And so I chose to go out with the Clash’s cover of  I FOUGHT THE LAW AND THE LAW WON, originally recorded by The Bobby Fuller Four and royorbisonbeatlesthen it was something quite special: ARE YOU LONESOME TONIGHT? was first published in 1926 and was most notably covered by Elvis Presley in 1960. I have no idea when this version was recorded, most probably when the Beatles toured the US in the mid 60’s. It’s Elvis with Roy Orbison and the Beatles doing back-up. I’ve only been able to find it as a download but if anyone has any back story on this, let me know. And the finale was The Beatles covering TWIST & SHOUT, originally recorded by the Top Notes but most people may be more aware of the Isley Brothers version. The Beatles definitely made this one their own.

Here’s the complete playlist, with original artists in brackets:

My Favourite Things (From The Sound Of Music) 4:38 John Coltrane Broadway Originals Jazz 4
Eleanor Rigby (The Beatles) 3:00 Ray Charles Jazz 9
Hurt (Nine Inch Nails) 3:39 Johnny Cash American IV: The Man Comes Around Country 8
All Along The Watchtower (Bob Dylan) 4:00 Jimi Hendrix The Ultimate Experience Classic Rock 4
Sweet Jane (Lou Reed) 3:35 Cowboy Junkies Alternative 8
We Can Work It Out (Beatles) 3:18 Stevie Wonder Greatest Hits, Vol. 2 R&B 6
Proud Mary (Creedence Clearwater Revival) 4:57 Ike & Tina Turner R&B 10
Ruby Tuesday (Rolling Stones) 4:37 Melanie Safka Folk/Pop 3
Real Love (John Lennon) 3:15 Regina Spektor Instant Karma: The Amnesty International Campaign to save Darfur Alternative 5
Seven Nation Army (White Stripes) 3:15 C.W. Stoneking Like A Version Four Alternative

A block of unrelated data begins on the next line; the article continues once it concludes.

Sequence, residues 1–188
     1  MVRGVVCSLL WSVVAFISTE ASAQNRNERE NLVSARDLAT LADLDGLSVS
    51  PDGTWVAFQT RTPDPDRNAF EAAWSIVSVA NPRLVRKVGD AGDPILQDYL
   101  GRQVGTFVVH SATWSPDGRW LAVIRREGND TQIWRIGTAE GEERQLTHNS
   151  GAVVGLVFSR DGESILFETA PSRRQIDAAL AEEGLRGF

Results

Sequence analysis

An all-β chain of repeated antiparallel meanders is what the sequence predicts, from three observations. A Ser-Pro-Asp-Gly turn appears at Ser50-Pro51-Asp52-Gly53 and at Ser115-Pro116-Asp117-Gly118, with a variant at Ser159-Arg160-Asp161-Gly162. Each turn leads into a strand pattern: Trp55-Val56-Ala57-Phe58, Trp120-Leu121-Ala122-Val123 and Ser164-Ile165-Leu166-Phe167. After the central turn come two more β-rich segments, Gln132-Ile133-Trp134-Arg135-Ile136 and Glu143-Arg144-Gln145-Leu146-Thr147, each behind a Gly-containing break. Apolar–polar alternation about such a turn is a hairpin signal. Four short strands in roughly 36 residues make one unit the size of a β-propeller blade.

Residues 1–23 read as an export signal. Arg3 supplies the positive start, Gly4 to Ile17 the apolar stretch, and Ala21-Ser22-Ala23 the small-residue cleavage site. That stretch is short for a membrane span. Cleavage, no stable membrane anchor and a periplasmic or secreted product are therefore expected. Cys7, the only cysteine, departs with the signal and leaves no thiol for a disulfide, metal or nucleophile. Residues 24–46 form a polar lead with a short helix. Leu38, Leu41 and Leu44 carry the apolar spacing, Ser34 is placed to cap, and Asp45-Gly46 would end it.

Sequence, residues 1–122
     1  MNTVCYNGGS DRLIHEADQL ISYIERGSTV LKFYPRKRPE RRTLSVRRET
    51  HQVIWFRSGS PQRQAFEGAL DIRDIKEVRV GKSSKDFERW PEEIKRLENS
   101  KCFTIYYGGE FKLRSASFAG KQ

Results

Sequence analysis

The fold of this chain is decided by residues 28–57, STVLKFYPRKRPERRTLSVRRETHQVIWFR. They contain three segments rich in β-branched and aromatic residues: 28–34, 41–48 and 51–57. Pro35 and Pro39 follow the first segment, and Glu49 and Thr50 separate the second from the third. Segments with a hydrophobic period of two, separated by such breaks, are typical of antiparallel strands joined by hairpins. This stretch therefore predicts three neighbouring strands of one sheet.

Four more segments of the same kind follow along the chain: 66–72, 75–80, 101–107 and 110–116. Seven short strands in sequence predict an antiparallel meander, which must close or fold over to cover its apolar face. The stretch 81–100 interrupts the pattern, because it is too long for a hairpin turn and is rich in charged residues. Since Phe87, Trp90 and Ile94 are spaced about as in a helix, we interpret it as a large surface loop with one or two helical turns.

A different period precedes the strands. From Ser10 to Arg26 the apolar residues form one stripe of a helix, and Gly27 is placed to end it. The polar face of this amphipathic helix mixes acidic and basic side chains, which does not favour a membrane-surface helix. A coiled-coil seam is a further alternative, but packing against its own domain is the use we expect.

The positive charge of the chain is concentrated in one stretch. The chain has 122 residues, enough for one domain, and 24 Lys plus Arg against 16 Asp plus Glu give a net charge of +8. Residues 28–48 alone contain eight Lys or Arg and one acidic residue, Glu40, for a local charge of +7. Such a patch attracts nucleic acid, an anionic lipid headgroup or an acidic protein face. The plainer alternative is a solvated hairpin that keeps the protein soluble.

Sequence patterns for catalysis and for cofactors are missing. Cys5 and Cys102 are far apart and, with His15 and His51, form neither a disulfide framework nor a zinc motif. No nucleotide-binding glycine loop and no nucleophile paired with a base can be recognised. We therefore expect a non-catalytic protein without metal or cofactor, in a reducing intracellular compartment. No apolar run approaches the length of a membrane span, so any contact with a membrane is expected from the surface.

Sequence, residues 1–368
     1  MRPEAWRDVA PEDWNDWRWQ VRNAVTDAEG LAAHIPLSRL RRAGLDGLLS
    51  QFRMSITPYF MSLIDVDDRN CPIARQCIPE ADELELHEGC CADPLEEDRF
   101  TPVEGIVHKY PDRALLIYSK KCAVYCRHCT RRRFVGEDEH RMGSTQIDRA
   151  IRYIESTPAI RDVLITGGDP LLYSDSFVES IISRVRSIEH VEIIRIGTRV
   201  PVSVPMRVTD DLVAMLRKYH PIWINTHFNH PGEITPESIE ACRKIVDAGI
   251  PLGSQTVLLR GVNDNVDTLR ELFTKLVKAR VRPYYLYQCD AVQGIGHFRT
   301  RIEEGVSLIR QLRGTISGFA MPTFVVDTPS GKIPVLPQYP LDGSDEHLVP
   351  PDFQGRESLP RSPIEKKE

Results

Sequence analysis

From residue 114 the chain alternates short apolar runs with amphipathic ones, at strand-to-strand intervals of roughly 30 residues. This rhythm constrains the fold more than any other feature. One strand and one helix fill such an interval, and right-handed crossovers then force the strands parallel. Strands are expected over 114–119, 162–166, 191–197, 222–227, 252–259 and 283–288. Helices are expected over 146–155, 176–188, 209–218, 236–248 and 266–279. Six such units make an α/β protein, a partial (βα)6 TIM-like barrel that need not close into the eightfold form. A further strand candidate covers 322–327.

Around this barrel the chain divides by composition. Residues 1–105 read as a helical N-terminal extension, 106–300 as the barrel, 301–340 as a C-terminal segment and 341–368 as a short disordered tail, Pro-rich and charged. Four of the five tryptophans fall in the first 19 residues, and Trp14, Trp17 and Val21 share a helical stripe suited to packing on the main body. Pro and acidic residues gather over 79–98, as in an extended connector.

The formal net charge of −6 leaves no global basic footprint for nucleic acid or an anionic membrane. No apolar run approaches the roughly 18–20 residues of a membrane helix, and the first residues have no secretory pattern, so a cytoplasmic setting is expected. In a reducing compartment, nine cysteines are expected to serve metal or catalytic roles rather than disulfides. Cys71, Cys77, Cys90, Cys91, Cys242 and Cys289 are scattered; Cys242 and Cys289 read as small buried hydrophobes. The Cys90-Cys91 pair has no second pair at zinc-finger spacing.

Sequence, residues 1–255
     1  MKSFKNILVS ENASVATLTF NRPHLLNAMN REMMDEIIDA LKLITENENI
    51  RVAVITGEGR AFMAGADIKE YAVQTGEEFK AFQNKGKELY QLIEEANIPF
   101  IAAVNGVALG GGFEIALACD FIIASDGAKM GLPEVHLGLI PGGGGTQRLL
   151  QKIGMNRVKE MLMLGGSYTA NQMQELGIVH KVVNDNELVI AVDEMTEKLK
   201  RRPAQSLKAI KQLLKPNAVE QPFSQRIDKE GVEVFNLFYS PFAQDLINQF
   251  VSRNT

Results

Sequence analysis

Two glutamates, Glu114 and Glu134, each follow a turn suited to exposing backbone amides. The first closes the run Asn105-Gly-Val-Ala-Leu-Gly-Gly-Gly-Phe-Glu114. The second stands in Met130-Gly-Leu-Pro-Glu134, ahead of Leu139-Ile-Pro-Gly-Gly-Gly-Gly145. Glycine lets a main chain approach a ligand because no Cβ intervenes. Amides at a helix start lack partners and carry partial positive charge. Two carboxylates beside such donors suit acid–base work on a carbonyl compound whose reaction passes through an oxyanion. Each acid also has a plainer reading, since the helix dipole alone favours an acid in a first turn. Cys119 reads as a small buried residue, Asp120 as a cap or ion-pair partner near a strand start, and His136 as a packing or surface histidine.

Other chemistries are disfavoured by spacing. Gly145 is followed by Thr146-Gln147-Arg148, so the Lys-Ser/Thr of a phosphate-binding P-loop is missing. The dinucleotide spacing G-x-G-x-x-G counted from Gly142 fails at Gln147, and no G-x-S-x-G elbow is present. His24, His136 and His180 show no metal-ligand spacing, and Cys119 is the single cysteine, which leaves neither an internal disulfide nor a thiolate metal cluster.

Tobacco Road (Nashville Teens) 4:06 Edgar & Johnny Winter Entrance Blues/Rock
Me And Bobby McGee (Roger Miller) 4:33 Janis Joplin Country/Blues 3
The Beat Goes On (Sonny & Cher) 5:28 Patricia Barber Companion Jazz 4
After Midnight (JJ Cale) 2:54 Eric Clapton The Cream Of Clapton Blues 5
Voodoo Child (Jimi Hendrix) 7:58 Stevie Ray Vaughan Chicago Blues Fest 1985 Blues 6
How Can You Mend A Broken Heart? (Bee Gees) 6:19 Al Green Love & Happiness: The Very Best Of Al Green [Disc 2] R&B 1
Respect (orig. Otis Redding) 2:29 Aretha Franklin (Otis Redding cover 65) Forrest Gump – The Soundtrack R&B 5
Just My Imagination (The Temptations) 4:38 The Rolling Stones Some Girls Classic Rock 3
Gloria (Van Morrison/Them) 5:56 Patti Smith Horses Alternative 5
By The Time I Get To Phoenix (Johnny Rivers/Glen Campbell) 7:06 Isaac Hayes Soul Hits of the 70s Soul 2
Light My Fire (The Doors) 2:51 Jackie Wilson Super Breaks Rhythmic Soul 2
Nothing Compares 2 U (The Family/Prince) 5:07 Sinead O’Connor She Who Dwells [UK] Disc 2 Rock/Pop 5
I Fought The Law (Bobby Fuller Four) 2:41 The Clash London Calling Punk 5
Are You Lonesome Tonight 2:49 Elvis Presley & Roy Orbison (with the Beatles as the backup singers) Rock Ballad 5
Twist And Shout (Top Notes/Isley Bros) 2:33 The Beatles Please Please Me Rock

My Favourite Things (Julie Andrews/ The Sound Of Music) – John Coltrane

Eleanor Rigby (The Beatles) – Ray Charles

Hurt (Nine Inch Nails) – Johnny Cash

All Along The Watchtower (Bob Dylan) – Jimi Hendrix

Sweet Jane (Lou Reed/Velvet Underground) – Cowboy Junkies

We Can Work It Out (Beatles) – Stevie Wonder

Proud Mary (Creedence Clearwater Revival) – Ike & Tina Turner

Ruby Tuesday (Rolling Stones) – Melanie Safka

Real Love (John Lennon)  – Regina Spektor

Seven Nation Army (White Stripes) – C.W. Stoneking

Tobacco Road (Nashville Teens) – Edgar & Johnny Winter

Me And Bobby McGee (Roger Miller) – Janis Joplin

The Beat Goes On (Sonny & Cher) – Patricia Barber

After Midnight (JJ Cale) – Eric Clapton

Voodoo Child (Jimi Hendrix) – Stevie Ray Vaughan

How Can You Mend A Broken Heart? (Bee Gees) – Al Green

Respect (Otis Redding) – Aretha Franklin 

Just My Imagination (The Temptations) – The Rolling Stones

Gloria (Van Morrison/Them) – Patti Smith

By The Time I Get To Phoenix (Johnny Rivers/Glen Campbell) – Isaac Hayes

Light My Fire (The Doors) – Jackie Wilson

Nothing Compares 2 U (The Family/Prince) – Sinead O’Connor

I Fought The Law (Bobby Fuller Four) – The Clash

Are You Lonesome Tonight – Elvis Presley & Roy Orbison (with the Beatles as the backup singers)

Twist And Shout (Top Notes/Isley Bros) – The Beatles

Next week we’re going to Burn, Baby, Burn as all our songs will be about FIRE.
Listen to Lyn McCarthy at the Theme Park on BayFM, Tuesdays 2-4pm, Sydney time.    

Also streaming on http://www.bayfm.org

Tragically also on Facebook: http://www.facebook.com/maccalyn